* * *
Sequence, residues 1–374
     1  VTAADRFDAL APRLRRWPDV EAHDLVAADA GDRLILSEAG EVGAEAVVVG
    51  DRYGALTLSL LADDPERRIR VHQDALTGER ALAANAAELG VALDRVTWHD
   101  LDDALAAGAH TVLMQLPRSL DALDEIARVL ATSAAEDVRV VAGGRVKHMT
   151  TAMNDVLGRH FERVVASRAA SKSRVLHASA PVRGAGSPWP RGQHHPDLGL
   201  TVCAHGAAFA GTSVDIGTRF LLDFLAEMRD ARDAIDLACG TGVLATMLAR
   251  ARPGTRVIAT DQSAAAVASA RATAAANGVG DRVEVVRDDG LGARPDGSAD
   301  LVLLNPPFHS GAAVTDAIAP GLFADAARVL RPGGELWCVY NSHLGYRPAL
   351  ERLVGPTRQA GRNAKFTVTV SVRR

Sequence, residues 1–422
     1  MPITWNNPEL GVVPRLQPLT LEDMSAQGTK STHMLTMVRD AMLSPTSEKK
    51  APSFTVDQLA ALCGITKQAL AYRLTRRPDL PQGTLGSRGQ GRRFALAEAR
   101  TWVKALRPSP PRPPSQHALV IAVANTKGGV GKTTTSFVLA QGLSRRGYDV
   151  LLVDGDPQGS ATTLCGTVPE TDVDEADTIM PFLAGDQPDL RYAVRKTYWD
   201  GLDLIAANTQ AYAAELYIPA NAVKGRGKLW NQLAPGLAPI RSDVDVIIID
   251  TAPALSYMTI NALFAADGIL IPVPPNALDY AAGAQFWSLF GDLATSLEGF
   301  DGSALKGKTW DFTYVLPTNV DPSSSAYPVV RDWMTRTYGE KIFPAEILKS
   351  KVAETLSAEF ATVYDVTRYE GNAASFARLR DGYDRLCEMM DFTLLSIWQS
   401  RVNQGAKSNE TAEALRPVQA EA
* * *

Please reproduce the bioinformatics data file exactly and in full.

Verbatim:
Sequence, residues 1–374
     1  VTAADRFDAL APRLRRWPDV EAHDLVAADA GDRLILSEAG EVGAEAVVVG
    51  DRYGALTLSL LADDPERRIR VHQDALTGER ALAANAAELG VALDRVTWHD
   101  LDDALAAGAH TVLMQLPRSL DALDEIARVL ATSAAEDVRV VAGGRVKHMT
   151  TAMNDVLGRH FERVVASRAA SKSRVLHASA PVRGAGSPWP RGQHHPDLGL
   201  TVCAHGAAFA GTSVDIGTRF LLDFLAEMRD ARDAIDLACG TGVLATMLAR
   251  ARPGTRVIAT DQSAAAVASA RATAAANGVG DRVEVVRDDG LGARPDGSAD
   301  LVLLNPPFHS GAAVTDAIAP GLFADAARVL RPGGELWCVY NSHLGYRPAL
   351  ERLVGPTRQA GRNAKFTVTV SVRR

Sequence, residues 1–422
     1  MPITWNNPEL GVVPRLQPLT LEDMSAQGTK STHMLTMVRD AMLSPTSEKK
    51  APSFTVDQLA ALCGITKQAL AYRLTRRPDL PQGTLGSRGQ GRRFALAEAR
   101  TWVKALRPSP PRPPSQHALV IAVANTKGGV GKTTTSFVLA QGLSRRGYDV
   151  LLVDGDPQGS ATTLCGTVPE TDVDEADTIM PFLAGDQPDL RYAVRKTYWD
   201  GLDLIAANTQ AYAAELYIPA NAVKGRGKLW NQLAPGLAPI RSDVDVIIID
   251  TAPALSYMTI NALFAADGIL IPVPPNALDY AAGAQFWSLF GDLATSLEGF
   301  DGSALKGKTW DFTYVLPTNV DPSSSAYPVV RDWMTRTYGE KIFPAEILKS
   351  KVAETLSAEF ATVYDVTRYE GNAASFARLR DGYDRLCEMM DFTLLSIWQS
   401  RVNQGAKSNE TAEALRPVQA EA